Hong Kong’s unpopular chief executive, Leung Chun-ying, has suffered the indignity of having fruit and other objects hurled at him during his pained addresses to the chamber. Of course, nothing like that happened to Zhang in Macau, where a much smaller, tamer group of pan-democrats is kept on a tight leash.
In yet another thinly veiled dig at Hong Kong during his Macau visit, Zhang warned educators there against “instilling selfish desires and evil thoughts” in their students. Speaking at the Hengqin campus of Macau University, located just across the border in the mainland city of Zhuhai, Zhang told a seminar attended by students, professors and government officials that “teachers have a huge responsibility in grooming and molding” young minds and should not “lead them astray”.
Which, of course, is exactly what mainland officials complain is happening in mutinous Hong Kong, where – along with the Reverend Chu Yiu-ming – two professors, Benny Tai Yiu-ting of the University of Hong Kong and Chan Kin-man of Chinese University, founded the pro-democracy Occupy Central campaign joined by legions of students who crippled key commercial sections of the city during nearly three months of protests in 2014.
Chu, Tai, Chan and other Occupy leaders were arrested in March, two years after the last Occupy protester had packed up and gone home, on charges of committing a public nuisance; they now face a trial and, if convicted, up to seven years in jail.
In the wake of the arrests of the Occupy founders and other protest leaders, Zhang’s praise for Macau – and indirect criticism of Hong Kong – can be seen as part and parcel of the harder line now being taken toward dissent everywhere in China, including its two special administrative regions. Thus, as the 20th anniversary of the handover approaches in Hong Kong and the city prepares for a visit from President Xi to mark the occasion, the days of legal slaps on the wrist for those who publicly oppose the central government are over.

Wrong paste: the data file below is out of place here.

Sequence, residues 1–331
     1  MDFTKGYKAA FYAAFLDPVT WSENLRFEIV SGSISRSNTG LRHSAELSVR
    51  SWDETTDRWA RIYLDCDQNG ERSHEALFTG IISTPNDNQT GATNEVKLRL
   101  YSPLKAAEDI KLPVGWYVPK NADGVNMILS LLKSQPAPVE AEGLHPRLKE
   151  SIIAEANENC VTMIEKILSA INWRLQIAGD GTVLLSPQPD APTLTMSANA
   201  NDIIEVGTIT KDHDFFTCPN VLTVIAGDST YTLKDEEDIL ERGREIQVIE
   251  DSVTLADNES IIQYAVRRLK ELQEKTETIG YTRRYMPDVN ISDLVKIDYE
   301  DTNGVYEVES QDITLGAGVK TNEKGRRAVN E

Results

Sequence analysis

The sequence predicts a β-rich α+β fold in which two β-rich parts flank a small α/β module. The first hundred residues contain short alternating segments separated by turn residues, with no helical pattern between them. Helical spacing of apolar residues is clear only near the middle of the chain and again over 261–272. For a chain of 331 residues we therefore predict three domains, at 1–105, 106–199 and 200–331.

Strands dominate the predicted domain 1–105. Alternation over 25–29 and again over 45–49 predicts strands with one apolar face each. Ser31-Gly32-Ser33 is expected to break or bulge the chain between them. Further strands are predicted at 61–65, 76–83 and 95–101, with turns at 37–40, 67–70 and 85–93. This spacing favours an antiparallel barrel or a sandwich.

The Chinese leadership is determined to bring Hong Kong to heel and avoid any embarrassment during Xi’s July visit. That explains, among other things, why the organizer of the annual July 1 pro-democracy march, the Civil Human Rights Front, for the first time had its application to use Victoria Park as the march’s starting point denied by the city’s Leisure and Cultural Services Department.
The park holds several soccer pitches that have been the traditional gathering place for the tens of thousands of demonstrators taking part in the rally, which is held on the same day as the official handover celebrations. But this year, in another sign of the times, the venue has been given to a pro-Beijing group, the Hong Kong Celebrations Association, for the day.
Despite all the best efforts of the mainland leadership and their local minions to suppress dissent in Hong Kong, don’t count on the city suddenly turning silent and obedient on July 1 for Xi. There will be protests on that day and on many more anniversary dates to come.
At this point, distrust of the Chinese leadership, born of an uneasy handover two decades ago that has left too many Hongkongers feeling that their way of life has been threatened and compromised, is part of the city’s DNA.
Hong Kong – an international finance center with a population of 7.3 million and a highly educated younger generation demanding better housing, better jobs and better government – was never meant to be compared to Macau, a city of only 650,00 people living in a glitzy casino and entertainment culture largely dependent on nouveau riche punters from the mainland.
Sorry, Mr Zhang, but praise of one place meant as criticism of the other in this case only underscores the profound differences between the two while also revealing the central government’s inability to come to grips with its failed policies in Hong Kong.